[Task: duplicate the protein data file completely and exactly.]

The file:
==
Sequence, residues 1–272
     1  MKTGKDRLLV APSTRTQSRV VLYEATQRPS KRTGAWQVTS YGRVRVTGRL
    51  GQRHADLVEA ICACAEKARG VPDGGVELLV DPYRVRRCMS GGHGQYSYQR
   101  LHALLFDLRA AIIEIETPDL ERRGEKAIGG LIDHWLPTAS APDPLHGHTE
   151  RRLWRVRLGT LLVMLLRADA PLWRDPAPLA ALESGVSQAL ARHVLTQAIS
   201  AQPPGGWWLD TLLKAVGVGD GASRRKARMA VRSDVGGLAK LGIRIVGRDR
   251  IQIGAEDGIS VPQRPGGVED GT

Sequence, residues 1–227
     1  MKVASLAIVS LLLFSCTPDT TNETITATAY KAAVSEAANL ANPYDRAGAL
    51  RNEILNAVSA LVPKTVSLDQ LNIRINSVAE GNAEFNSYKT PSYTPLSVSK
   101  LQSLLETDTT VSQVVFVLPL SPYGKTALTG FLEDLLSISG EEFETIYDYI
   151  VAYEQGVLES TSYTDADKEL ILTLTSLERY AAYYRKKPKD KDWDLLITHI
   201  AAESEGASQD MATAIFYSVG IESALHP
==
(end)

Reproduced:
Sequence, residues 1–272
     1  MKTGKDRLLV APSTRTQSRV VLYEATQRPS KRTGAWQVTS YGRVRVTGRL
    51  GQRHADLVEA ICACAEKARG VPDGGVELLV DPYRVRRCMS GGHGQYSYQR
   101  LHALLFDLRA AIIEIETPDL ERRGEKAIGG LIDHWLPTAS APDPLHGHTE
   151  RRLWRVRLGT LLVMLLRADA PLWRDPAPLA ALESGVSQAL ARHVLTQAIS
   201  AQPPGGWWLD TLLKAVGVGD GASRRKARMA VRSDVGGLAK LGIRIVGRDR
   251  IQIGAEDGIS VPQRPGGVED GT

Sequence, residues 1–227
     1  MKVASLAIVS LLLFSCTPDT TNETITATAY KAAVSEAANL ANPYDRAGAL
    51  RNEILNAVSA LVPKTVSLDQ LNIRINSVAE GNAEFNSYKT PSYTPLSVSK
   101  LQSLLETDTT VSQVVFVLPL SPYGKTALTG FLEDLLSISG EEFETIYDYI
   151  VAYEQGVLES TSYTDADKEL ILTLTSLERY AAYYRKKPKD KDWDLLITHI
   201  AAESEGASQD MATAIFYSVG IESALHP